Efforts to eliminate this problem in the past have resulted in the use of softer materials in the limit stop. These materials still have a mostly linear deflection or displacement rate. Normally the use of softer materials just increases the required stopping distance. This increase in radial stopping distance reduces the usable surface of the disc for information recording. In addition, such material as elastomers which have been used tend to vary considerably in stiffness as a function of temperature. When the design is made soft enough to function correctly at low environmental operating temperatures, by the time high environmental operating temperatures have been reached, along with additional temperature rises due to self heating of the drive system, the elastomeric material has been further reduced in stiffness. This not only increases the stopping distance it also changes the radial position in which the movement of the transducer heads ceases.
In some prior art arrangements employing a pivoted or rotary actuator arm, adjustment of the limit stop position has required the adjustment of limit stop members from one of the sides of the actuator housing in which the actuator arm assembly is pivoted. Usually these adjustments are quite sensitive requiring repeated attempts to achieve a precise limit stop setting. Additionally this increases the manufacturing costs since fabrication now requires off axis machining, that is drilling, reaming, boring, etc., in a direction other than a direction substantially paralleling the axis about which the actuator arm assembly is pivoted.
Other prior art designs have provided limit stop adjustments which are accessable from the top of the actuator housing. Some of these have a sliding part in which the slightest sliding movement to ajust the stop results in a significant change in the limit stop setting because of the small dimensions of track spacing. Such an arrangement while presenting a problem in achieving a desired limit stop position or setting, frequently also presents a problem in maintaining a fixed limit stop setting because of the high clamping forces which are required to secure the adjustable stop.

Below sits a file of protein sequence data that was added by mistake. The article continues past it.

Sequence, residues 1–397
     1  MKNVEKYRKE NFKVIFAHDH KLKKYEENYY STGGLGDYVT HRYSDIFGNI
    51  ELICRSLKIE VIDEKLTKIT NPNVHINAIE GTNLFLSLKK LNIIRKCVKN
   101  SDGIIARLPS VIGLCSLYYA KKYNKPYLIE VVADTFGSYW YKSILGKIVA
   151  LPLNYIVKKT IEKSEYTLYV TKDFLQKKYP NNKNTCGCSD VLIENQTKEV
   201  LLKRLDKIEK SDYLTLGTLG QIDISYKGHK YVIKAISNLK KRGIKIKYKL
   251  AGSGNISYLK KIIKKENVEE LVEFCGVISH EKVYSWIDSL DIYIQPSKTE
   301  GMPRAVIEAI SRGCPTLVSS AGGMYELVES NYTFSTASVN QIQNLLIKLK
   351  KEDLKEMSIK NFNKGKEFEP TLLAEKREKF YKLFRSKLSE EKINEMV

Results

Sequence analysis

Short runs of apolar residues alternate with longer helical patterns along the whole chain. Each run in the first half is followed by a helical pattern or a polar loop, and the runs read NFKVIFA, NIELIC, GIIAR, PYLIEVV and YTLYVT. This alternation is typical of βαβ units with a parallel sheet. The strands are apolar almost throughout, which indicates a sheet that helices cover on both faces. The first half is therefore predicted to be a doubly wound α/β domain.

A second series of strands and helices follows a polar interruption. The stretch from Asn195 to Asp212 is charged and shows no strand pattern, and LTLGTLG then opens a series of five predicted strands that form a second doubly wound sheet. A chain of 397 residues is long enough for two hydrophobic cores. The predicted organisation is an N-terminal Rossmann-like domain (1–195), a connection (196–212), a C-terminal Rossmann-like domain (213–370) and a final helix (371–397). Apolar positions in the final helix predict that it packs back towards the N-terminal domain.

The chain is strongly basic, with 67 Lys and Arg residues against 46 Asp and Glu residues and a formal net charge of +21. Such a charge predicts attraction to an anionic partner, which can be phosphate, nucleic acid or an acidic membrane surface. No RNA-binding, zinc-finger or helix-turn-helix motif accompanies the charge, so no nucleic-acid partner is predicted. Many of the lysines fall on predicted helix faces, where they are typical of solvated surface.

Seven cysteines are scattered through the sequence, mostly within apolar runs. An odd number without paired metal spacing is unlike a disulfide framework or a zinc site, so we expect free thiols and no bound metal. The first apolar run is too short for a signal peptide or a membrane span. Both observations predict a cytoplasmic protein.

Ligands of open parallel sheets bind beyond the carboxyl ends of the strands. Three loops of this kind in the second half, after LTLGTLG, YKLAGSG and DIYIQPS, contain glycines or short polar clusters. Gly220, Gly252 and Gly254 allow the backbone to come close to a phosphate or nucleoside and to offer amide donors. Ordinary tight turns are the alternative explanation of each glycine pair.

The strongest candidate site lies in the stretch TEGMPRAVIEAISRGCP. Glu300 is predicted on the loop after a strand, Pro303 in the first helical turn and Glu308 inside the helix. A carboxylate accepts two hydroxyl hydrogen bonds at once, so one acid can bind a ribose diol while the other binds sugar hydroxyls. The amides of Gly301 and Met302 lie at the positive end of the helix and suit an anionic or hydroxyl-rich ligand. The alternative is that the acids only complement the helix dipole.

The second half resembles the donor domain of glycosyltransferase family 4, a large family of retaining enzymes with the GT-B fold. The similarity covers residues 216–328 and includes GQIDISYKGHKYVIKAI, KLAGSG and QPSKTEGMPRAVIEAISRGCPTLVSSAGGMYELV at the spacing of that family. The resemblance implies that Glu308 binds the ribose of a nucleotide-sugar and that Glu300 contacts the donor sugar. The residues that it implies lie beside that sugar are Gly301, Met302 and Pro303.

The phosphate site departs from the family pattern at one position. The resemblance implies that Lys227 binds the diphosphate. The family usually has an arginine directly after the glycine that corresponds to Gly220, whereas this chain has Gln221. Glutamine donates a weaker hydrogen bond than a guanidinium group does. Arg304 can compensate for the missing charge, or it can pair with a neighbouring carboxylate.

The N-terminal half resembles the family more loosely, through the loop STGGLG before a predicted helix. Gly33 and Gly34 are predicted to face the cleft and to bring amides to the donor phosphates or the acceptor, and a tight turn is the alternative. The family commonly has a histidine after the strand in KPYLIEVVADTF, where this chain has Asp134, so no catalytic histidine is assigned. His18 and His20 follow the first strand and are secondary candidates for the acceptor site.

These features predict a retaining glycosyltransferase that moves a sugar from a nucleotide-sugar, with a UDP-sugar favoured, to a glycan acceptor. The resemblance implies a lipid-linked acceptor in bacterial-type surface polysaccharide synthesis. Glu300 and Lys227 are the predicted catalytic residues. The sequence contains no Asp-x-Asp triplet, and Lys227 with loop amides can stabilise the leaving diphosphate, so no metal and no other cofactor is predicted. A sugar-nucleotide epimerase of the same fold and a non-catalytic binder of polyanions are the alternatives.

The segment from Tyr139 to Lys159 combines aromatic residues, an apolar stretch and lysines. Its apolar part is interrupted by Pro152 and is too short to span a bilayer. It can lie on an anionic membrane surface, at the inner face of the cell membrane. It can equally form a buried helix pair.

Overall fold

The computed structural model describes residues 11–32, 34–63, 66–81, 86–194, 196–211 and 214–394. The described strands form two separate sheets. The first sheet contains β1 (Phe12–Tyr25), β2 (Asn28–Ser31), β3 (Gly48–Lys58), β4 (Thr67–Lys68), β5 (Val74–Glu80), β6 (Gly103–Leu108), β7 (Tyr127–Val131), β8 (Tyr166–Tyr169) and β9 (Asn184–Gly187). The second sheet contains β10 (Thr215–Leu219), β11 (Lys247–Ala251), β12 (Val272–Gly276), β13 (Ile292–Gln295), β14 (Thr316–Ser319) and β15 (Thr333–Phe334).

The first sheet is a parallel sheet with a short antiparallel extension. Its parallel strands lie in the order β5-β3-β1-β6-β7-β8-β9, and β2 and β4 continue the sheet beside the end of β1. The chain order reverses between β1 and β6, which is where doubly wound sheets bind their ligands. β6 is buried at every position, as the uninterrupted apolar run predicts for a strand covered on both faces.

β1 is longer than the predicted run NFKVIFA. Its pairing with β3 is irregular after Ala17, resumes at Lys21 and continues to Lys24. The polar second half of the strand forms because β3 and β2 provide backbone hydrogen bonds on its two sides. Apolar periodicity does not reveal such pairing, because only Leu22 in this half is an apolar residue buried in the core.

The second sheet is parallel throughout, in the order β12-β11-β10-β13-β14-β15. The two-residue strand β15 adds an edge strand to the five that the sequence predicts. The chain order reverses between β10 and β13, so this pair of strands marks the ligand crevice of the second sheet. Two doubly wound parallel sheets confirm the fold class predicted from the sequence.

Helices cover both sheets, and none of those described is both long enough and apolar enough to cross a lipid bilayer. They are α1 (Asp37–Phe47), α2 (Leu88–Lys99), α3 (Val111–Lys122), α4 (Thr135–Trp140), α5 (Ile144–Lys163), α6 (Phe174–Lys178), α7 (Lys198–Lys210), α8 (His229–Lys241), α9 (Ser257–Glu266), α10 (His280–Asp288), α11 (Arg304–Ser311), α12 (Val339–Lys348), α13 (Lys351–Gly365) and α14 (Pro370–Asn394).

This invention provides improvements over prior art such as discussed above, in the provision of an adjustable limit stop arrangement which provides precision in the limit stop setting and nonlinear, frictionally damped, deceleration of the actuator arm assembly in its movement into the limit stop position.
The invention is described in its application to a rotary actuator type of disc drive which represents a presently preferred embodiment. The invention, however, is equally applicable to the linear actuator of a linear type of disc drive.
Precise limit stop adjustment is achieved in the provision of an eccentric limit stop which is rotatably mounted in a structure which movably supports the actuator arm assembly. Each limit stop has a stiff spring characteristic and is disposed with its eccentric portion in the path of movement of the actuator arm assembly in each of its extremes of movement. Precise adjustments of limit stop positions are provided with this arrangement since the 180 degree rotation of the limit stop member translates into a very small radial displacement at the eccentric portion of the limit stop member. Now a precise limit stop setting is achieved with relative ease. This rotatably mounted eccentric limit stop is easily fabricated and machining operations in the actuator housing for its rotatable mounting in a rotary actuator disc drive are all in positions paralleling the pivot axis of the actuator arm assembly, thus jigging for machine operations in cross axes is not required.